Steam has always been available in China as a grey app of sorts, but this week saw an official version of Valve’s digital distribution platform for video games hit the mainland. Like regular Steam, it’s home to games, specials, and it’s all rendered in simplified Chinese to create an easier to navigate space for local users that side.
What Steam China doesn’t have, is a chunky selection of games or social features that have earned a seal of approval from the notoriously heavy-handed Chinese government. With a laundry list of requirements longer than Spawn’s cape in the 1990s, getting a game officially approved in China is a Herculean effort that many developers simply cannot achieve.
That’s why instead of thousands of games being available on the client, Steam China has a mere 53 titles up for sale. Big multiplayer games such as Counter-Strike: Global Offensive and Dota 2 have made the leap, as have other largely unheard of titles such as Guijan and Swordsmen X: Battle of the Underworld.
On top of a sparse selection of games, Steam China users also have to deal with the absence of message boards and community features, which simply aren’t there. Steam user reviews are oddly available though, in a format that merges both the Chinese and International reviews together. But as for other features such as the Steam Workshop, forums, community pages, guides, mods, and everything else that has made the default PC game platform so unique over the years? You won’t find it here, which means that Steam China feels like a hollow shell of the real deal.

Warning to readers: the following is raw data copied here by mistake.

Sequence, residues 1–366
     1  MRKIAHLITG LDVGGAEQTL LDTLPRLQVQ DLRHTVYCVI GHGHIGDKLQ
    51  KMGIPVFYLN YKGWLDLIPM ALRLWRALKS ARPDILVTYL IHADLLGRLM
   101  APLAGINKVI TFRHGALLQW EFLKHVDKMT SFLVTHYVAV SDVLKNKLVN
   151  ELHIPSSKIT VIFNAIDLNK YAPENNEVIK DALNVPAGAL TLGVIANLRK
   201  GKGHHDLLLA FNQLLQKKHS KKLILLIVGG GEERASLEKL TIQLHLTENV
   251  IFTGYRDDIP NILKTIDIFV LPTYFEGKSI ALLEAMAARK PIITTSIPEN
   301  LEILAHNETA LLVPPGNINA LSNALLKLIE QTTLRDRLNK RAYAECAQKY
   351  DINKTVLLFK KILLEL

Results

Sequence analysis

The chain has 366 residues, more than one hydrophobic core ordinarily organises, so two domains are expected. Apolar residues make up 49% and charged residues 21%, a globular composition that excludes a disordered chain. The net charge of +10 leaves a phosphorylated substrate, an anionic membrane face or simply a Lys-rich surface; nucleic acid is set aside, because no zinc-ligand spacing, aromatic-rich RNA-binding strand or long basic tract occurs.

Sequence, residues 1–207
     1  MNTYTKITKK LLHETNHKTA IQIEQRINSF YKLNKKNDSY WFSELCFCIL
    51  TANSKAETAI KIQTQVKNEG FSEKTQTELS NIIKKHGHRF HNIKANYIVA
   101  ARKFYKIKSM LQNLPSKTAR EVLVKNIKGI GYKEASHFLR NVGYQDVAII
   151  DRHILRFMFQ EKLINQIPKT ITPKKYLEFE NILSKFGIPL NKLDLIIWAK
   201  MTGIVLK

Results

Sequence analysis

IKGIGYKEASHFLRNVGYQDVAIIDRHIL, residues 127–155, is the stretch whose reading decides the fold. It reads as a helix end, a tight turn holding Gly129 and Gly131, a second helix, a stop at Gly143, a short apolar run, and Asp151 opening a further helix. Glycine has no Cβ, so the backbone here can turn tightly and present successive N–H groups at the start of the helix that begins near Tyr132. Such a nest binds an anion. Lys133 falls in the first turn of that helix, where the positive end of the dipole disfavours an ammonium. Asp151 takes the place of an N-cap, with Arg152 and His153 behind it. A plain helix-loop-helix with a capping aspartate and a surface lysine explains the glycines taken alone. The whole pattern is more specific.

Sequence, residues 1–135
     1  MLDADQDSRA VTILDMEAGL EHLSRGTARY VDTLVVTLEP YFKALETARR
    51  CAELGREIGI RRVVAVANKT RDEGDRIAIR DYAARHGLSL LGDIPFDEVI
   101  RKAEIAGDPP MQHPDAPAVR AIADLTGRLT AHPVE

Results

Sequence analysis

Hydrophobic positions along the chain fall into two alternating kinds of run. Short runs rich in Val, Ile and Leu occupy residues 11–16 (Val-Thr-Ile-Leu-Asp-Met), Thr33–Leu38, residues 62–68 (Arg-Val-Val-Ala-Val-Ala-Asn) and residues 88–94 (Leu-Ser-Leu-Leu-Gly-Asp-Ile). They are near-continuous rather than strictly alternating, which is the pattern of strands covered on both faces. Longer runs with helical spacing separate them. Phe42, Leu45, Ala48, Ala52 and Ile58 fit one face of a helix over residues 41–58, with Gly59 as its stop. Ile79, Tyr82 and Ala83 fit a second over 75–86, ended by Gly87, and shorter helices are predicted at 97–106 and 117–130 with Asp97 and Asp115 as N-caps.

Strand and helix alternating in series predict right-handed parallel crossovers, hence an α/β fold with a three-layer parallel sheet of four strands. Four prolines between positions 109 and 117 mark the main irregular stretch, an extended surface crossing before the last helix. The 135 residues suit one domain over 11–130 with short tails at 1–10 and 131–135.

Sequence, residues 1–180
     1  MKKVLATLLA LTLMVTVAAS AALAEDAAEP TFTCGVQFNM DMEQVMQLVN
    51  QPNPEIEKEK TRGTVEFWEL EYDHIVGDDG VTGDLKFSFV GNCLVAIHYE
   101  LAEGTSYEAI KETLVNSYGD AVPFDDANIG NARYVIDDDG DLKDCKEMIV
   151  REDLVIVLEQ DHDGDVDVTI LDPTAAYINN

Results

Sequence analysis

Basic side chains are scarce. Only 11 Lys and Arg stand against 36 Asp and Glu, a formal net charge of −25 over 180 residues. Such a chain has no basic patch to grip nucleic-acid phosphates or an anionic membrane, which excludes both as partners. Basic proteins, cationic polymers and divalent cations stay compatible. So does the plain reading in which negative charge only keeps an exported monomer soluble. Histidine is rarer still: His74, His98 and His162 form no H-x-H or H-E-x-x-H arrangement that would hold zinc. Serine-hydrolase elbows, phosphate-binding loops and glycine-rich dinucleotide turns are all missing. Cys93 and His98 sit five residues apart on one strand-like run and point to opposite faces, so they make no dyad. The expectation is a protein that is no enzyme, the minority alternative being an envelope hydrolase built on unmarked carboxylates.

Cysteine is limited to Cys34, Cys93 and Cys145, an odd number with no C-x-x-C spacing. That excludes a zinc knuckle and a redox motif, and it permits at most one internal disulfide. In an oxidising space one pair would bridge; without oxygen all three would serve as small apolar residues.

That’s bad news for the massive Chinese gaming market should its government decide to block Steam’s international version. The international Steam client can still be accessed without a VPN from China, and has allowed users to flock to games such as Tale of Immortal, which bizarrely is a game about Chinese mythology that isn’t available through Steam China.
While the Chinese government hasn’t pulled the plug on Steam’s international client yet, it’s likely only a matter of time before it does. The promise of local servers for big games may be tempting, but when the market has only a mere handful of titles available in it then that deal becomes pointless. Who knows what the future holds for Steam in China? More games will be added in the future, but it’s likely going to be a long process when developers attempt to clear China’s prickly approval process.
Last Updated: February 10, 2021